• Scrolling through multiple pages in a Web Part gallery.
    • Modifying a Web Part.

As a result, any event handlers in your Web Part that book orders, adjust account balances, or perform any other kinds of updates should only react to events that come from elements that you know reside in your Web Part, and not to general, page-wide events like Page_Load.

Exposing Custom Properties

Many Web Parts expose properties that team members can change through the Modify Web Part task pane in the browser, or through the Web Part Properties dialog box in Microsoft Office FrontPage. The Text property in Figure 19-6 provides an example. Windows SharePoint Services calls these custom properties.

Figure 19-6. The input field titled Text is a SharePoint custom property. Windows SharePoint Services does most of the work in displaying and saving such values.

The code that appears below creates a custom property named Text. You put this inside the class definition for your Web Part, but not inside any method. The Web Part templates for Visual Studio .NET provide a version of this code in every new Web Part class file.

The first two lines define a default value and a class-wide variable for the custom property value. The last five lines are a very ordinary property definition. The middle six lines, within square brackets, actually define the custom property as it will appear in the Web Part's property pane. Table 19-1 lists and describes all the available properties.

Table 19-1. Custom property attributes

BrowsableA value of false stops the custom property from appearing in the Web Part's property sheet The default is true. Setting the WebPartStorage attribute to Storage.None has the same effect.
CategoryThe section title where the custom property will appear on the property sheet. If you leave this attribute empty or set it to Default, Appearance, Layout, or Advanced, the custom property will appear in the Miscellaneous section.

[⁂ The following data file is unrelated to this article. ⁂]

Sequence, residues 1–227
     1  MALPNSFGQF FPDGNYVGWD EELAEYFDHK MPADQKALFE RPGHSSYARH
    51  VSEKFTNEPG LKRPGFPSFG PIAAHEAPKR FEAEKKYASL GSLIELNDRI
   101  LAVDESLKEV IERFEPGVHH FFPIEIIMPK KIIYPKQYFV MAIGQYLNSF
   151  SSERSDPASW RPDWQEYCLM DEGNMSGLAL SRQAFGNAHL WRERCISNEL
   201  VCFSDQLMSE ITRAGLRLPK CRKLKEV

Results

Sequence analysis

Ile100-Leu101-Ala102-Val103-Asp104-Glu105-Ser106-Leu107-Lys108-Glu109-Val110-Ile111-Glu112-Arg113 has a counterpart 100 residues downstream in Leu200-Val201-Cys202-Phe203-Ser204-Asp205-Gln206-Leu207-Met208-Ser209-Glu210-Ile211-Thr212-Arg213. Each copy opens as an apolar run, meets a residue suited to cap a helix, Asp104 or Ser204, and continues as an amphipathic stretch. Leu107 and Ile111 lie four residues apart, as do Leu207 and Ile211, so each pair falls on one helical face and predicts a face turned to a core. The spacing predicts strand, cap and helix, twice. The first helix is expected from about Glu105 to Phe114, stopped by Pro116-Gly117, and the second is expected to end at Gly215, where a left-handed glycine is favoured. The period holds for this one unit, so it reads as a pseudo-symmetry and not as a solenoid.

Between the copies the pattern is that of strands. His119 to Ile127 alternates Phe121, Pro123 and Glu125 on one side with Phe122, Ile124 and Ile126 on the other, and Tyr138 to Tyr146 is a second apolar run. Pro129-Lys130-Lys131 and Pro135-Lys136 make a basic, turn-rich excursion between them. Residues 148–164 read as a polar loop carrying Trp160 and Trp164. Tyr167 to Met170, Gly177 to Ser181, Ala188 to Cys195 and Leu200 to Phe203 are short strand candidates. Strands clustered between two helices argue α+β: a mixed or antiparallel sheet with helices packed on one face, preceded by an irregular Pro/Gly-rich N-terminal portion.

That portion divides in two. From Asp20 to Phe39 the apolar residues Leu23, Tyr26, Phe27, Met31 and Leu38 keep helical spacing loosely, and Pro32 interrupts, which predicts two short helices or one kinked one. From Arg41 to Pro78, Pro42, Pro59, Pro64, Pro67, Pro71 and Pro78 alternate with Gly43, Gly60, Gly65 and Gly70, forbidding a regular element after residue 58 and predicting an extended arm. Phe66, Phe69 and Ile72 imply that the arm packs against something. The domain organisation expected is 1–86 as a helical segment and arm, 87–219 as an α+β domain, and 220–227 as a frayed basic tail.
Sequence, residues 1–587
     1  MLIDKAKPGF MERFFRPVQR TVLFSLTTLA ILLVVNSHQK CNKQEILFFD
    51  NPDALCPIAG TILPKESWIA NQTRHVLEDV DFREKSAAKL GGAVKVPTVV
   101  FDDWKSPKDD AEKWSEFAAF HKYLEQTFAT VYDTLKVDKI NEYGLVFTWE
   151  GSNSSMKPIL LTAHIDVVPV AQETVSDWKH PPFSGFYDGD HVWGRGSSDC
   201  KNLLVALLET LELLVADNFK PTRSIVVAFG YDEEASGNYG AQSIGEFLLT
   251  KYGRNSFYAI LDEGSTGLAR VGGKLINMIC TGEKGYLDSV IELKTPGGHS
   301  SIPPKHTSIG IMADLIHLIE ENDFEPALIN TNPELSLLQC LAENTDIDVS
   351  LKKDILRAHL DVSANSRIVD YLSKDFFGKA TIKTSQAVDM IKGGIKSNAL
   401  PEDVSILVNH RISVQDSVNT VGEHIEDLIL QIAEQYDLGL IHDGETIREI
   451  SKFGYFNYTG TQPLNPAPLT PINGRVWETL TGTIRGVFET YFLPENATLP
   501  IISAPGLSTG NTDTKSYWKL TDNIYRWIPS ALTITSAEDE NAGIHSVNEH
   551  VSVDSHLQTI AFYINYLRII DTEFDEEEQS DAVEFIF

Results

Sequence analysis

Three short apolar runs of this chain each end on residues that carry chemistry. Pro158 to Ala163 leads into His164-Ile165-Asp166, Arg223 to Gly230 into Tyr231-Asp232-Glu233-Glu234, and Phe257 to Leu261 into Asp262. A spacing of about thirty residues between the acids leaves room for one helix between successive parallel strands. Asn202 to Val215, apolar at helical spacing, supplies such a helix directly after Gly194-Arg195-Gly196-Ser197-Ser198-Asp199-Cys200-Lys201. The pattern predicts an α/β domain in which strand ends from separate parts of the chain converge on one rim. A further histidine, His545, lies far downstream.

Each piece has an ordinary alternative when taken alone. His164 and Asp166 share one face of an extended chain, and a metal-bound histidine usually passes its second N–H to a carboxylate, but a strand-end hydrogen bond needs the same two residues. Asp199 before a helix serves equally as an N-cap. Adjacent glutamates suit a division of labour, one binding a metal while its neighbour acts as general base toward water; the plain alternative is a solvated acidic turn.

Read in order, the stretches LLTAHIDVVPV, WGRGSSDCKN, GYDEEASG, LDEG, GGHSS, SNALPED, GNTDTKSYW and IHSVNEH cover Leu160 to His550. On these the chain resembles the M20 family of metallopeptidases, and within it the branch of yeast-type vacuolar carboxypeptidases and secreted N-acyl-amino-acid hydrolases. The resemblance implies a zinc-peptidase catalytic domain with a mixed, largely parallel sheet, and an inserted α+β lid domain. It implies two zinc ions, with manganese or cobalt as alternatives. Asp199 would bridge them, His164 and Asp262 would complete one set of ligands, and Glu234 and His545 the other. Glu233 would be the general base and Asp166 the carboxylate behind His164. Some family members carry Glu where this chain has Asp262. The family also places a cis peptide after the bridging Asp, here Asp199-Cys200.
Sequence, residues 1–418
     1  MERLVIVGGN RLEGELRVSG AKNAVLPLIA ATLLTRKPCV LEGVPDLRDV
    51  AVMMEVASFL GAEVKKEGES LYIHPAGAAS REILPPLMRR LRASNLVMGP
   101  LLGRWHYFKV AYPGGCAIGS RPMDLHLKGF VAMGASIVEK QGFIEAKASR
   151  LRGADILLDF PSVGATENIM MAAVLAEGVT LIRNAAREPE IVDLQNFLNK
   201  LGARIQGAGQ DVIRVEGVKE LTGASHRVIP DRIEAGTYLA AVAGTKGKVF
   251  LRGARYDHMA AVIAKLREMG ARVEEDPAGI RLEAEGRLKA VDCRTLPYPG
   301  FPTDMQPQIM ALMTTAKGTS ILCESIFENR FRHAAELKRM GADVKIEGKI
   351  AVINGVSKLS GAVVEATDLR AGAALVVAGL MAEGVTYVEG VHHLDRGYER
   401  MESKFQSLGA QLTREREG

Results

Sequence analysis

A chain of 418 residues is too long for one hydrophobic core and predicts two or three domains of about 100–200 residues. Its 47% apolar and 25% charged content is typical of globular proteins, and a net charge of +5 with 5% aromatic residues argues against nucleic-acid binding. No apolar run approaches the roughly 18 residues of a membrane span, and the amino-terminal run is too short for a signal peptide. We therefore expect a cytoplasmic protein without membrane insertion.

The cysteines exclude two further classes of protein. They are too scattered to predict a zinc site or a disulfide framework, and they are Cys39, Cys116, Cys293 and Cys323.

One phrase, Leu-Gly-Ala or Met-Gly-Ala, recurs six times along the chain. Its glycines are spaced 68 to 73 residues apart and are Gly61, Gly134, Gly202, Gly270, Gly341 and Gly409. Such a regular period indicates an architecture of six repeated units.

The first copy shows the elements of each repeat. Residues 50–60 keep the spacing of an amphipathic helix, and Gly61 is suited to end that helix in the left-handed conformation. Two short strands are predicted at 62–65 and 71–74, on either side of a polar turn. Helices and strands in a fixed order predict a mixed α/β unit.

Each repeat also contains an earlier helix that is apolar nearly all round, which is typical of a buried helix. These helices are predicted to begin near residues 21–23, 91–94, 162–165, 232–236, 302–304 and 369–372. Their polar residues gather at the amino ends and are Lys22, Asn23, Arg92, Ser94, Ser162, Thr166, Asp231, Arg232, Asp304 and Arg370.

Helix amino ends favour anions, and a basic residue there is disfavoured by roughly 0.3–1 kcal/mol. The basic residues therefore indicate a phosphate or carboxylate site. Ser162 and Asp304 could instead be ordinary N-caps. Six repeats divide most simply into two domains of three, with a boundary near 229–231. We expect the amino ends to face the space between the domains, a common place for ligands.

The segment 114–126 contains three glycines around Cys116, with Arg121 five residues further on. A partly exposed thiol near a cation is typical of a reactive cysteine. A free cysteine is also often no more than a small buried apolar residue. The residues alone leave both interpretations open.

DescriptionThe tool tip text that appears if a team member hovers the mouse pointer over the custom property's input control.
DefaultValueThe custom property's default value.
FriendlyNameAttributeThe caption or title that identifies the custom property. If you leave this empty, the program name for the property will appear.
ReadOnlyA value of true makes the custom property read-only in the property sheet. The default is false.
WebPartStorageThe view modes for which Windows SharePoint Services will display and save custom property values. The permissible values are:
  • Storage.Shared   Only when configuring the Web Part's shared view.
  • Storage.Personal   When configuring either the shared or personal view.
  • Storage.None   Never.
HtmlDesignerAttributeAssociates a property builder (that is, a custom Web page or module) with the property. This overrides the normal input format in Web page designers such as FrontPage.

You can define as many of these custom properties as you need. Windows SharePoint Services takes care of displaying them, and of saving the configured values as part of the Web Part definition for that page (or, in the case of personal views, for that team member). The type of input control depends on the data type of the custom property. For example, a string property will get a text box, and a Boolean property will get a check box.

Of course, it's your responsibility to write code that makes use of the custom property, once received.

If you need the capability of rejecting a custom property, choose one of these approaches:

  • Raise an exception in the property's set method. This approach is simple and normally works as you want in both the SharePoint browser interface and in FrontPage. Instead of closing, the property sheet will display the error message from your exception.

    If, however, your exception occurs when the Web Part's property sheet isn't visible, then the whole page may fail. This can occur, for example, when another control tries to set the property pragmatically.

  • Use a Web Part Tool Part, as the next section describes.

Using Web Part Tool Parts

If the default user interface that Windows SharePoint Services provides for custom properties doesn't meet your needs, Web Part Tool Parts may provide an answer.

Basically, a Web Part Tool Part is a class that displays and processes an HTML user interface for one or more custom properties. To use Web Part Tool Parts, the Web Part class file must override the GetToolParts method with code like this:

Notice that this override returns an array of ToolPart objects.